An anonymous donor has given nearly 10,000 students in Columbus City Schools the gift of books.

An anonymous donor has given nearly 10,000 students in Columbus City Schools the gift of books.

Officials from the Columbus Foundation, Columbus City Schools and Columbus Metropolitan Library gathered Friday, May 15, at the Martin Luther King Branch on the Near East Side to announce the windfall, which puts a book apiece in the hands of every kindergartner and first-grader in the district.

Patrick Losinski, CEO of the library system, said the gift was a great segue into CML's Summer Reading Club, which kicks off May 30. Sign-up is necessary to participate in the club.

"This gift is tremendous and also helps shine a light on an issue very near and dear to us at Columbus Metropolitan Library, and that is the issue of early literacy," Losinski said.

"Our primary goal is to get books in the hands of kids, and our hope is that this gift will spark a love of reading for thousands of kids in Columbus."

The kindergarten class will get Pete the Cat while first-graders are set to receive Fly Guy. The books will be distributed the last week of school.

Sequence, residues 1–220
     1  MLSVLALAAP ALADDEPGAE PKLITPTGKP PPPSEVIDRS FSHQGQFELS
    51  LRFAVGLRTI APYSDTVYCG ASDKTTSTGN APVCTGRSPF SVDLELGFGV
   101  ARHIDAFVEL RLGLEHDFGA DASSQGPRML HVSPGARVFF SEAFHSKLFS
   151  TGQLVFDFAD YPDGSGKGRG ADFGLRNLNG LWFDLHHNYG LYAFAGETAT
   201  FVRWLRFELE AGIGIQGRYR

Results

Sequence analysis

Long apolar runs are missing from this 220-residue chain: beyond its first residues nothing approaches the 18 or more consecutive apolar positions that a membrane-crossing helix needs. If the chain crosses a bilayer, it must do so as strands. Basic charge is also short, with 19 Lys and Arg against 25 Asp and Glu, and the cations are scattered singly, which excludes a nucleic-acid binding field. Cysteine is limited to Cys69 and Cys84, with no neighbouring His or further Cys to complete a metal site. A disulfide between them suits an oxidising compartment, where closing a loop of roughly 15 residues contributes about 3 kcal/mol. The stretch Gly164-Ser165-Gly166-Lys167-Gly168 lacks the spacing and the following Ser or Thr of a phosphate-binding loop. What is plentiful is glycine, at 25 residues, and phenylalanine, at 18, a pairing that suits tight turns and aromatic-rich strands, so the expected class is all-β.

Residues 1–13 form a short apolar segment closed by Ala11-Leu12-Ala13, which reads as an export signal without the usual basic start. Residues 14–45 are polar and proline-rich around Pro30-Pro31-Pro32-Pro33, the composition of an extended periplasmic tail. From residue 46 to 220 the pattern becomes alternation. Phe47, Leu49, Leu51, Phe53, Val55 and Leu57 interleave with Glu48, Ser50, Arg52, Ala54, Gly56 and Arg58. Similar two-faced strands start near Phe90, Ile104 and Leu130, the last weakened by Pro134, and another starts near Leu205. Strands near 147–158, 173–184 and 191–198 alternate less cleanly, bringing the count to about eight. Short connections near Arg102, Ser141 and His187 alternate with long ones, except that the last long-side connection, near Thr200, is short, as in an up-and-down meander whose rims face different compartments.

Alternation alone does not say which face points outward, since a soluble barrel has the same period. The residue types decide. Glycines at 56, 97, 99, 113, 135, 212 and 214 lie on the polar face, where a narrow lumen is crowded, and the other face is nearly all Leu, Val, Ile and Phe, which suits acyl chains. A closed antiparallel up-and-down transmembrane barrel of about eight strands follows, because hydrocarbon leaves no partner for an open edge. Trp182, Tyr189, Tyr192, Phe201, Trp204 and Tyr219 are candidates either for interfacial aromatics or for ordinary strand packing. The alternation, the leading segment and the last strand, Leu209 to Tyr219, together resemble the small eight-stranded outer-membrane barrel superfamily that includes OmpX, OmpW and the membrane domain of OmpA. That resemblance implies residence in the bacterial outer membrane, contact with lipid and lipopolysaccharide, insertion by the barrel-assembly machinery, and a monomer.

About 40 students from Eastgate Elementary School joined the ceremony Friday.

The anonymous donor's initial contribution of $500,000 started the Gifts of Kindness in September 2014. The community-focused fund helps area residents in need with things such as utility bills, transportation and medical needs, said Doug Kridler, president and CEO of the Columbus Foundation.

Gifts of Kindness has given close to $300,000 so far, said Lisa Courtice, executive vice president of community research and grants management at the Columbus Foundation. About 25 additional people, not all anonymous, have given money to the fund, Courtice said.

The donor's book gift cost $32,000, she said. The person also will pay for delivery of the books, she said.

Courtice said the Columbus Foundation was not ready to disclose specific contributions from the Big Give, a fundraising drive for 587 nonprofits that raised an overall $15 million May 13 and 14, but said she was pleased with the level of support.

"It's very reassuring," she said. "It's interesting, not only has the community given but we've had lots of staff give. They understand the nonprofit, that the smallest infusion of money can make a huge difference in somebody's life."